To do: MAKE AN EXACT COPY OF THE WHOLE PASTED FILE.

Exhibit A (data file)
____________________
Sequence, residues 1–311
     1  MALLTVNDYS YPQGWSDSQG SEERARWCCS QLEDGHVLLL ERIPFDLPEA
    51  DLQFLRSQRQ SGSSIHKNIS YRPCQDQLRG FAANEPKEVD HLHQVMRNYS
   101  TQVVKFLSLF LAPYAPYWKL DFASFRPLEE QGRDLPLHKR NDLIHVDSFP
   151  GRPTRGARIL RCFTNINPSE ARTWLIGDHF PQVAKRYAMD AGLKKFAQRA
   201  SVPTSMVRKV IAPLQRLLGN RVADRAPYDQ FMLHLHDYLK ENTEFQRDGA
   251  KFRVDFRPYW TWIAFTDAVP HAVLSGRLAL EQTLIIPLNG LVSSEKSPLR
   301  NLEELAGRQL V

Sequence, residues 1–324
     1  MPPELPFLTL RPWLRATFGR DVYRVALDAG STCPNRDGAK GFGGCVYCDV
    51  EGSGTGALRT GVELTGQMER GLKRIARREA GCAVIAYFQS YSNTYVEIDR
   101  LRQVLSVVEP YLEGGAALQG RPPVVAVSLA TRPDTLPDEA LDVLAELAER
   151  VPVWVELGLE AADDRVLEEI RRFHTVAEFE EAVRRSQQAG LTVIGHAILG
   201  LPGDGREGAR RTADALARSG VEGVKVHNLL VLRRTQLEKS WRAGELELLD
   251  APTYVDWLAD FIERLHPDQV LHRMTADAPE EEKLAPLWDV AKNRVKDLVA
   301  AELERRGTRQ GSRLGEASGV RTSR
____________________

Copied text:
Sequence, residues 1–311
     1  MALLTVNDYS YPQGWSDSQG SEERARWCCS QLEDGHVLLL ERIPFDLPEA
    51  DLQFLRSQRQ SGSSIHKNIS YRPCQDQLRG FAANEPKEVD HLHQVMRNYS
   101  TQVVKFLSLF LAPYAPYWKL DFASFRPLEE QGRDLPLHKR NDLIHVDSFP
   151  GRPTRGARIL RCFTNINPSE ARTWLIGDHF PQVAKRYAMD AGLKKFAQRA
   201  SVPTSMVRKV IAPLQRLLGN RVADRAPYDQ FMLHLHDYLK ENTEFQRDGA
   251  KFRVDFRPYW TWIAFTDAVP HAVLSGRLAL EQTLIIPLNG LVSSEKSPLR
   301  NLEELAGRQL V

Sequence, residues 1–324
     1  MPPELPFLTL RPWLRATFGR DVYRVALDAG STCPNRDGAK GFGGCVYCDV
    51  EGSGTGALRT GVELTGQMER GLKRIARREA GCAVIAYFQS YSNTYVEIDR
   101  LRQVLSVVEP YLEGGAALQG RPPVVAVSLA TRPDTLPDEA LDVLAELAER
   151  VPVWVELGLE AADDRVLEEI RRFHTVAEFE EAVRRSQQAG LTVIGHAILG
   201  LPGDGREGAR RTADALARSG VEGVKVHNLL VLRRTQLEKS WRAGELELLD
   251  APTYVDWLAD FIERLHPDQV LHRMTADAPE EEKLAPLWDV AKNRVKDLVA
   301  AELERRGTRQ GSRLGEASGV RTSR